Surgery just sched for Oct 10

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Regular Member

Date Joined Aug 2011
Total Posts : 22
   Posted 9/2/2011 11:18 PM (GMT -6)   
Hi all-
After getting another opinion today, I decided to book the surgery for Oct. 10.  Dr will remove all of colon and attach the small intestine to the rectum (hopefully!).  Also, hopefully, will do this via lathroscope.  I'm the one who is allergic to painkillers, and I'm really concerned.  I have tolerated an epidural in the past, though, and I can take Advil.
So...I have a lot to learn.  What tips would you offer a newbie?  For example, somewhere on here I read about a stretchy "belt", maybe a maternity support, that helped. 
All advice welcome, I'm feeling pretty lost/confused right now.

Veteran Member

Date Joined Dec 2010
Total Posts : 3332
   Posted 9/3/2011 8:11 PM (GMT -6)   
Congrats on taking this big, scary step! It is very overwhelming, but we're here to help.

Are you having the colon attached to the rectum in the same surgery or having more surgeries? If it's the same surgery, then you wouldn't have an ostomy bag at all, right? It's just helpful to know what surgery before giving advice.

I think what you're referring to is a belly band, which some people wear to give some extra support for an ostomy bag.

Some of the first advice that people on this list like to give is "walk, walk, walk" and then "chew, chew, chew." After surgery, as soon as you can walk, the nurses will probably be making you walk, and you probably won't feel like it and will be amazed at how hard it is, but just do it..... it gets easier fairly quickly and it makes you feel a LOT better. You'll also be happier if you have your own slippers to walk in and robe to wear.

And chew your food really well at first to avoid any kinds of blockages etc. At first you won't be able to eat, and your output will be green and slimy and smelly, but it gets better.

With lapro surgery the gas goes into your shoulder and it's a weird sensation for a few days afterward .... just unexpected. They also gave me this tube I had to blow into to make a ping pong ball go up and down.... it was to exercise my lungs after the anesthesia (you're under longer w/a lapro surgery, but it's worth it, especially w/your allergy) and it was good to do that.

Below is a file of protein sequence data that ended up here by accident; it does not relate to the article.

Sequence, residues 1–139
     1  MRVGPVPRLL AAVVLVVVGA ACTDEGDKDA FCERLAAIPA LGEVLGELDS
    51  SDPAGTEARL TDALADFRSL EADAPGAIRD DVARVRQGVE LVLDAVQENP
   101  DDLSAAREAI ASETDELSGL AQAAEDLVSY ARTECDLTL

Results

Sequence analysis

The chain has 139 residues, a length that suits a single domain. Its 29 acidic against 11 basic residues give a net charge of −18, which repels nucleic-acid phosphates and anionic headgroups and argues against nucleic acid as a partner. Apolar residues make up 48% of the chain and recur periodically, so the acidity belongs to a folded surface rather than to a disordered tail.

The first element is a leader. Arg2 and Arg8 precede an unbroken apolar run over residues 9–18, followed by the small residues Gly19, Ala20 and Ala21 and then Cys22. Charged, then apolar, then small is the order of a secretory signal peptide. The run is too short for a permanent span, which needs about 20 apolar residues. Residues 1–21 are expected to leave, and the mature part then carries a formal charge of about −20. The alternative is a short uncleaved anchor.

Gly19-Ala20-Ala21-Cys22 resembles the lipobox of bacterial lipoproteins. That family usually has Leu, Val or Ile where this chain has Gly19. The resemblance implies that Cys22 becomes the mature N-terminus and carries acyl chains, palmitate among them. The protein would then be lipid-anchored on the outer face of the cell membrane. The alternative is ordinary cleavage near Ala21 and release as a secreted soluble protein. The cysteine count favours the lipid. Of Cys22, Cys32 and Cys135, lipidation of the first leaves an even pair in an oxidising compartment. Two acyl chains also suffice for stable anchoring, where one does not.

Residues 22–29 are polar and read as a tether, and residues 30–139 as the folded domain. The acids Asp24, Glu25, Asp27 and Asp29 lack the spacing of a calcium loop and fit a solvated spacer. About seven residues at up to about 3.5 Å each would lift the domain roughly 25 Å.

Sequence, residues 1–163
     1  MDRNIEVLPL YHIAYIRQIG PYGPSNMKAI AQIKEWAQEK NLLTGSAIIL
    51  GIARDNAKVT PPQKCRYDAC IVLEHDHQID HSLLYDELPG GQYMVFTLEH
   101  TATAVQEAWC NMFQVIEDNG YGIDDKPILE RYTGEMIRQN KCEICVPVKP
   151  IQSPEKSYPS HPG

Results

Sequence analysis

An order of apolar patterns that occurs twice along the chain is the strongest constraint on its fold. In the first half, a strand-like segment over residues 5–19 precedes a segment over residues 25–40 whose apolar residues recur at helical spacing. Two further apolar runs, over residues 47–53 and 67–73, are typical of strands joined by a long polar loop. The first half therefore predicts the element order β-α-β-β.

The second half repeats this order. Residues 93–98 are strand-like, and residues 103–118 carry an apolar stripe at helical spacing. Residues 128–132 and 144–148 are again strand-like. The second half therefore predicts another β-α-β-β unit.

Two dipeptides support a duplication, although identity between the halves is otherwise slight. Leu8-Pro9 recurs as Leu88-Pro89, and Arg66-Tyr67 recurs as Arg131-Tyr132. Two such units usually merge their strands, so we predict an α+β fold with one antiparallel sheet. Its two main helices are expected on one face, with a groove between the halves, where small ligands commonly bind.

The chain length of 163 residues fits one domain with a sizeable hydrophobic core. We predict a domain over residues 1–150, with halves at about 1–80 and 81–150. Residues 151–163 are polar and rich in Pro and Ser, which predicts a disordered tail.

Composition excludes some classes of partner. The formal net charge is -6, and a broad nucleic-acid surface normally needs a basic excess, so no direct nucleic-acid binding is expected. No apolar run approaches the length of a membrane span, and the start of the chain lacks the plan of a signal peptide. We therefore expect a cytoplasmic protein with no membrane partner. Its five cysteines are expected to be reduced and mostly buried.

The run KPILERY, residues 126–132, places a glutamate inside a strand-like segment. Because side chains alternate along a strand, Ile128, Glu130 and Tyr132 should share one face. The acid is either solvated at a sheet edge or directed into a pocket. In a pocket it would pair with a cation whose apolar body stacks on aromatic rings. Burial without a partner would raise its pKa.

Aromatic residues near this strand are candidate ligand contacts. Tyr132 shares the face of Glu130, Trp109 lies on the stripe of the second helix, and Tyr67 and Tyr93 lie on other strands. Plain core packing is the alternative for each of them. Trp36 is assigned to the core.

Those are a few thoughts, others can add more. Feel free to ask more specific questions as they occur to you.
48 years old, female.
2004 dx indeterminate colitis. Back and forth between Crohn's and UC dx. Many drugs, minimal success.
2010-11 Crazy skin and eye complications, high fevers, bad flaring. Out of good drug options, tired of scary drugs.
Feb 2011 -- proctocolectomy with permanent ileolostomy; abscess, blood clot. Still healing, still glad for the surgery

Regular Member

Date Joined Oct 2010
Total Posts : 286
   Posted 9/4/2011 12:24 PM (GMT -6)   
Hi KVail,
I also have colonic inertia - and I am going to see another surgeon on the 9th for a second opinion. I also have a disc to bring with me with all of my xrays and tests on it.

I saw that you said you got a second opinion - and I was wondering what that appointment was like? It seems strange to have gone through all of the testing and everything with one doctor, and then all of a sudden go see a new doctor. Did you have to explain your whole history again and did they have to ask you a ton of questions or do other tests...or were they able to just look at your disc and your medical records and give you their opinion?

I have already been offered the option of surgery at one place, but if I meet with this other surgeon and she offers to do the surgery, and I feel comfortable with her, I'd have the surgery done there most likely. My appointment is coming up soon and I am just trying to get an idea of what a "second opinion" appointment is like, so maybe you can give me some advice!

Regular Member